I have this client who operates in very specific conditions: majority of their vendors are foreign companies which invoice them in a foreign currency (USD) and almost invariably ask for at least 50% prepayment.
NAV can handle prepayments and foreign currencies like a charm—the issue lies elsewhere: the fluctuations of currency exchange rate can easily cause real and tangible losses.
Even though prepayment invoice is fully closed by a prepayment applied against it, the actual costs of goods is not calculated from prepayment invoice, but from the actual invoice. And if there was difference between currency exchange rate at prepayment and invoicing dates, the inventory value reflects the actual invoiced value (instead of the prepaid value), there is currency exchange gain/loss which is fictitious, but taxable.
I’ve just got a call for help from a partner, about their customer who has decided to move from basic inventory management to full-scale warehouse management system. The question was how to post the opening balances for existing inventory quantities in flat locations to warehouse-managed ones.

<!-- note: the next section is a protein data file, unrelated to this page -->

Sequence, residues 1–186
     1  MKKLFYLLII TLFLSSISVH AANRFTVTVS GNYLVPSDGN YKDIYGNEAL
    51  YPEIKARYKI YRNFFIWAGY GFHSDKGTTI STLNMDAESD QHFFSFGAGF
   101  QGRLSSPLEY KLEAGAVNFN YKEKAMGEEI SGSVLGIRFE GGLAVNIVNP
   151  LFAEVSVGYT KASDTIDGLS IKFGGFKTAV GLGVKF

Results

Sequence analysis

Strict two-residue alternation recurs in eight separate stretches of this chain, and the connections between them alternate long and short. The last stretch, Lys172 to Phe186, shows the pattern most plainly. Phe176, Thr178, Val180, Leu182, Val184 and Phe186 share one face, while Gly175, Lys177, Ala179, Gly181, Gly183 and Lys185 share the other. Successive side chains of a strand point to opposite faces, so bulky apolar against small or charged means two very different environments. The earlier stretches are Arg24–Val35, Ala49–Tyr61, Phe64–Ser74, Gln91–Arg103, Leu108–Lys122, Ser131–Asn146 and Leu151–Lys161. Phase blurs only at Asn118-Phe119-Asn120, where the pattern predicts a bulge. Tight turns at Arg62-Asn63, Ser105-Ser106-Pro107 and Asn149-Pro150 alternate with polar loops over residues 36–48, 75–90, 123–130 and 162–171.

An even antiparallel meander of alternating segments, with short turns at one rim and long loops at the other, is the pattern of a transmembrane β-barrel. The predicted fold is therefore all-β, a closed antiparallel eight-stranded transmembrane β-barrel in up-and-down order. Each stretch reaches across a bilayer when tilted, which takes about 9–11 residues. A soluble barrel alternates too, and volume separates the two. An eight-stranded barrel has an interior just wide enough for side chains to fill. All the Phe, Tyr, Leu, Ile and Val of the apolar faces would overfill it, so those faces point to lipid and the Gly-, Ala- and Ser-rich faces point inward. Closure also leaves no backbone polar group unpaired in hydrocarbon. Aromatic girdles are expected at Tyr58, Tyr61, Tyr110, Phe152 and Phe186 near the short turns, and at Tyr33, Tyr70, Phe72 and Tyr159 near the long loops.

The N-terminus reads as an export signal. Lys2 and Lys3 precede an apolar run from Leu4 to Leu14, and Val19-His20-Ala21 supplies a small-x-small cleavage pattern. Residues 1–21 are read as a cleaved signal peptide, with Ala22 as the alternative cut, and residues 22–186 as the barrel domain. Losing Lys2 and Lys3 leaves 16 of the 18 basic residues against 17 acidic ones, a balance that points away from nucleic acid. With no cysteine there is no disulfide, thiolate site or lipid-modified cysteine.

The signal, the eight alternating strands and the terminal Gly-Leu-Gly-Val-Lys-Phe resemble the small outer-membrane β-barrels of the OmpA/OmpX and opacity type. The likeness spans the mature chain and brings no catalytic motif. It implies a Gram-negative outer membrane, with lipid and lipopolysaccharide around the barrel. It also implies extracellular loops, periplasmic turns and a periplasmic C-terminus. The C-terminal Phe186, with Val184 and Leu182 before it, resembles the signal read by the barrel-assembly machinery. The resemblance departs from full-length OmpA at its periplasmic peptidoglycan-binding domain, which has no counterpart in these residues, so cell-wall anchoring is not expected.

I thought this might deserve a quick blog post, you can never know when someone else would want to do the same thing.
A blog reader has asked me for help about an allegedly strange behavior of items with serial number tracking. They had a customer who had serial number tracking switched on for an item with FIFO costing method. Whenever they posted a sales transaction, they chose the serial number manually. Then they noticed a puzzling behavior.
No matter the specification of the serial number on the sales lines, Microsoft Dynamics NAV seemed to be closing the item entries according to FIFO method. This effectively allowed a serial number to be sold twice (or more). They called for help.
It’s a well known fact that IT projects fail every so often. Standish Group has been researching the success and failure factors of IT projects for a decade and a half, and they publish their results in their CHAOS report every two years or so. According to their 2006 report, only about 35% of projects can be categorized as successful, while 65% are declared unsuccessful. In this report, word unsuccessful can mean anything from exceeding time and/or budget (46% of projects) or failing altogether (19% of them). With such a huge proportion of projects going astray, maybe there was something wrong with these projects from the very beginning. Were the time and budget unrealistic? Were the project requirements, or even objectives, unrealistic? Maybe. Or maybe not. How can you tell?
Sorry for this series of totally irrelevant posts, by now you must be thinking that I am either out of ideas, or totally uninterested about the future of this blog. Neither is true, I am actually spending practically all of my time preparing for ten hours of content I have to deliver at a conference next week, and about which I hope I will post a blog in its own right.